Environmental Justice: Taking on the Wrongdoers - Republic of Green

Environmental Justice: Taking on the Wrongdoers

Environmental justice factory pollution

“Environmental justice is the fair treatment and meaningful involvement of all people regardless of race, color, national origin, or income, with respect to the development, implementation, and enforcement of environmental laws, regulations, and policies.”  ~ U.S. EPA

What is Environmental Justice?

Environmental justice is about everyone having access to environmental protection and a say in what types of environmental decisions and policies go into effect. Unfortunately, in many areas of the United States, we are far from achieving that goal. Instead, lower income neighborhoods tend to be located closer to toxic manufacturing or mining operations that harm the health of local residents. In the face of powerful industry interests, residents are unable to get the corporate compliance and regulatory support they need to make their neighborhood environmentally safer. This is compared with more affluent communities located farther away from toxics, whose residents would be more capable of successfully demanding change if the safety of their communities were threatened.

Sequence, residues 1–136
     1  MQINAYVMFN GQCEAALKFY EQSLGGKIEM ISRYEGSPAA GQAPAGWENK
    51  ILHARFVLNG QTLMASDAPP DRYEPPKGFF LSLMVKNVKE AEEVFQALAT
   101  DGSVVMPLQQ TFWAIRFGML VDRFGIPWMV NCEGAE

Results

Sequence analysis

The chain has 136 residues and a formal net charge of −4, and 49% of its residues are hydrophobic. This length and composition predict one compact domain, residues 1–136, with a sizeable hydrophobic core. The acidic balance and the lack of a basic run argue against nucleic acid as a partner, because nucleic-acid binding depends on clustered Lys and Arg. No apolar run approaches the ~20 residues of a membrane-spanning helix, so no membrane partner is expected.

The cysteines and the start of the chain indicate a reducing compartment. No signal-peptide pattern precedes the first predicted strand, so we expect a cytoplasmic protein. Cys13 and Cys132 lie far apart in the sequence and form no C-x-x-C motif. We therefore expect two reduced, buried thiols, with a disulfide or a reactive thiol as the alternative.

The notion that every citizen has a right to live in a community free from life-threatening hazardous waste, regardless of one’s income level, is gaining traction, and environmental justice is gaining visibility as a core component of the environmental movement.

The examples of “environmental injustice” below show that this is an ongoing struggle in communities around the country. The good news is that there are a growing number of organizations and individuals committed to providing strong and courageous leadership.

Environmental Injustice is Far Too Commonplace


While environmental justice sounds like a pleasant notion, the flip side is dark and deadly. Corporations focused on extracting resources at any cost, including ravaging the environment and spewing toxics into neighborhoods, as well as the industry lobbyists and politicians beholden to those lobbyists, all work together to protect their own interests and to keep environmental “injustice” a reality in many people’s daily lives. What follows are stories of communities dealing with ongoing environmental injustice.

1. Norco, Louisiana

Imagine the defining characteristic of your hometown being a petroleum refinery. Now imagine your town’s name originating from the phrase “New Orleans Refining Company.” Your humble author has had the pleasure of visiting this little-known town, whose situation remains startlingly bleak.